Even if Black people could forget the dark history of their abuse within Western medicine, they wouldn’t be protected from modern bias. “BIPOC people in this country absolutely receive suboptimal healthcare across the board, not just in women’s health,” says OB/GYN Jenn Conti, MD, co-author of The Vagina Book: An Owner’s Manual for Taking Care of Your Down There. “This is a byproduct of systemic and institutional racism that prioritizes white bodies as the default.”
While this affects the treatment Black people receive in myriad ways, Dr. Chambers points to one in which it can specifically exacerbate the trauma of periods. A well-known study, she says, showed that medical students and trainees consistently believed that Black women felt less pain than white women. “If you believe a group of people is more resilient to pain, you don’t take their pain as seriously,” she says. This phenomenon can then result in delayed diagnosis and treatment.
And as mentioned above, bias also leads to the prescription of more radical, irreversible treatments (e.g. hysterectomies) for Black people with uteruses. Dr. Chambers says that doctors may look at certain factors, such as a woman’s lack of insurance or a partner and base their recommendations on those factors, rather than on whether or not the patient wants to have more children in the future. “When the health-care system discriminates against you from the moment you’re born to the moment you die, every aspect of your life is affected by the fallout,” says Dr. Conti. “There is no limit to the trauma this causes.”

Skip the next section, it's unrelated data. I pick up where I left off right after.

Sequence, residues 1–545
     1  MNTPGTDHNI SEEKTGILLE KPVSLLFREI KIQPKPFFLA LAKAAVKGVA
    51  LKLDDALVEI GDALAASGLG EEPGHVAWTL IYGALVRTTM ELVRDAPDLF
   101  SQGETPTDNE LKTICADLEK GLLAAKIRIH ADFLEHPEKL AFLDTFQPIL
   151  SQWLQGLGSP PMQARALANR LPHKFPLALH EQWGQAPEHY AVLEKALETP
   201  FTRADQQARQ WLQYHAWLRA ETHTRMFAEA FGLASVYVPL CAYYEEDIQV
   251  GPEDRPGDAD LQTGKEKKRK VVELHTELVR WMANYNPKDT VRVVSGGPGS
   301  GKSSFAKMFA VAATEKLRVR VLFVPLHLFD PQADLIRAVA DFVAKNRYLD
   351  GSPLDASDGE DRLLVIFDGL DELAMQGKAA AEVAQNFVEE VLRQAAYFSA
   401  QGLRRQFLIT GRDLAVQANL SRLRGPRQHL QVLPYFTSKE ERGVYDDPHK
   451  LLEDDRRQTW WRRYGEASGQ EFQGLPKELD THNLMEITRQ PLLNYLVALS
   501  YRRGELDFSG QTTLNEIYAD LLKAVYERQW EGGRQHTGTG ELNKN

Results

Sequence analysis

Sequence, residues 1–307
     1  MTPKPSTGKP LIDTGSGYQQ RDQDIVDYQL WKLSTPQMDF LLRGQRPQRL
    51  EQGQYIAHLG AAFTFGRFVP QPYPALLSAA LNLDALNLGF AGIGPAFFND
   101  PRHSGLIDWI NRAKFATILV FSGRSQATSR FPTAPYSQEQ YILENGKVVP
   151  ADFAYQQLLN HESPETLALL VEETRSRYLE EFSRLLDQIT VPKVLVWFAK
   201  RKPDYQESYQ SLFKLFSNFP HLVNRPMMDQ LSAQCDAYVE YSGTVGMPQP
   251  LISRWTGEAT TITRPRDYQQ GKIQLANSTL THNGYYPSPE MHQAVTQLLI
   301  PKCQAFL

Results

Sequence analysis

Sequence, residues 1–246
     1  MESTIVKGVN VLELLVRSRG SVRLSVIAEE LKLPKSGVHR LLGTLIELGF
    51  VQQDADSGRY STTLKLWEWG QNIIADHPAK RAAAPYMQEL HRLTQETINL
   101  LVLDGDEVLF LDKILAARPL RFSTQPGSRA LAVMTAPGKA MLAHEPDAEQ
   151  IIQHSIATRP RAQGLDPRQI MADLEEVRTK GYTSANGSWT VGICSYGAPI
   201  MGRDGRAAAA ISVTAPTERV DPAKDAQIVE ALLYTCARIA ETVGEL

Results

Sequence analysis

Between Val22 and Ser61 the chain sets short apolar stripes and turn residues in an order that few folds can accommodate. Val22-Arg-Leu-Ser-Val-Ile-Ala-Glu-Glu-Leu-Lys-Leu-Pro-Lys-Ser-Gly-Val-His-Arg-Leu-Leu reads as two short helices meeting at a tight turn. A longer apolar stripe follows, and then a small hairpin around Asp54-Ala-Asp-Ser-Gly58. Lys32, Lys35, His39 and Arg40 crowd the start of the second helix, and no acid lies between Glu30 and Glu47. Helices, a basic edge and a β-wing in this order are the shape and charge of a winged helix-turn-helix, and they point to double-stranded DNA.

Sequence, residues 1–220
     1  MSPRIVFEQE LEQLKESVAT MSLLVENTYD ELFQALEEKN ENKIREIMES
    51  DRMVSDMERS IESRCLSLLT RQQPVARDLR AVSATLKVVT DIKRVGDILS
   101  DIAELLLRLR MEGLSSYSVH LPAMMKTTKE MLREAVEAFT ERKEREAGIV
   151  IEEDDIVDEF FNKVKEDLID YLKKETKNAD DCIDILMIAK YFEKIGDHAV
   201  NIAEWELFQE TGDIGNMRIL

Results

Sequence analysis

On that note, Jones Davis also notes that Black menstruators in America may not have adequate access to the health care needed to treat period trauma due to affordability issues. As of 2018, the uninsured rate for African Americans was nearly double that of white Americans—and this was pre-pandemic, which has disproportionately affected the livelihoods (and therefore, the insurance coverage) of Black workers.
Finally, it’s worth noting that low-income individuals in the United States have reduced access to tampons and pads, and that due to the effects of systemic racism, nearly one-quarter of all Black Americans live in poverty. Not being able to afford to contain your period flow isn’t just uncomfortable, either. According to a Harris Poll commissioned by Thinx and PERIOD, four in five students missed school or knew someone who did due to lack of access to period products alone.